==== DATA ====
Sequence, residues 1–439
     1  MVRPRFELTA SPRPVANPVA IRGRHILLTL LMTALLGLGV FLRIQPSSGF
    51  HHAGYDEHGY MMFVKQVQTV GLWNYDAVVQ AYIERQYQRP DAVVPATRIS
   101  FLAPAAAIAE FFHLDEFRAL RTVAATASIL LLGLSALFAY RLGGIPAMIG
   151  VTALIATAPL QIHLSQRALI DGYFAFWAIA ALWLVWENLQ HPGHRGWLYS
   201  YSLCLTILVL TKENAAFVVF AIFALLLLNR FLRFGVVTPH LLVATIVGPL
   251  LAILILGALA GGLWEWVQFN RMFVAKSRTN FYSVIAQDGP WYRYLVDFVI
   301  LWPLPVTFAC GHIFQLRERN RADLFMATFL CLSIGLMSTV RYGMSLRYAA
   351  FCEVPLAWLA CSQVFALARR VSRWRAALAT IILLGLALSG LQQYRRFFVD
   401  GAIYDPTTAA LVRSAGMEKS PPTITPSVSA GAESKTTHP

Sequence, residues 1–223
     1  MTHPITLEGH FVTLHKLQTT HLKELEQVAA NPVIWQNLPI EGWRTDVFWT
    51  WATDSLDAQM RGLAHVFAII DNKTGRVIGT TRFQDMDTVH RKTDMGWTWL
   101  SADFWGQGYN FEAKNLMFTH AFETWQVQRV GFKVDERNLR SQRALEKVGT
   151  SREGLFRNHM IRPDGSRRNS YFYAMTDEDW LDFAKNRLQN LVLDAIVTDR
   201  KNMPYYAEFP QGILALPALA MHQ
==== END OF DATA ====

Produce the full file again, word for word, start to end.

Sequence, residues 1–439
     1  MVRPRFELTA SPRPVANPVA IRGRHILLTL LMTALLGLGV FLRIQPSSGF
    51  HHAGYDEHGY MMFVKQVQTV GLWNYDAVVQ AYIERQYQRP DAVVPATRIS
   101  FLAPAAAIAE FFHLDEFRAL RTVAATASIL LLGLSALFAY RLGGIPAMIG
   151  VTALIATAPL QIHLSQRALI DGYFAFWAIA ALWLVWENLQ HPGHRGWLYS
   201  YSLCLTILVL TKENAAFVVF AIFALLLLNR FLRFGVVTPH LLVATIVGPL
   251  LAILILGALA GGLWEWVQFN RMFVAKSRTN FYSVIAQDGP WYRYLVDFVI
   301  LWPLPVTFAC GHIFQLRERN RADLFMATFL CLSIGLMSTV RYGMSLRYAA
   351  FCEVPLAWLA CSQVFALARR VSRWRAALAT IILLGLALSG LQQYRRFFVD
   401  GAIYDPTTAA LVRSAGMEKS PPTITPSVSA GAESKTTHP

Sequence, residues 1–223
     1  MTHPITLEGH FVTLHKLQTT HLKELEQVAA NPVIWQNLPI EGWRTDVFWT
    51  WATDSLDAQM RGLAHVFAII DNKTGRVIGT TRFQDMDTVH RKTDMGWTWL
   101  SADFWGQGYN FEAKNLMFTH AFETWQVQRV GFKVDERNLR SQRALEKVGT
   151  SREGLFRNHM IRPDGSRRNS YFYAMTDEDW LDFAKNRLQN LVLDAIVTDR
   201  KNMPYYAEFP QGILALPALA MHQ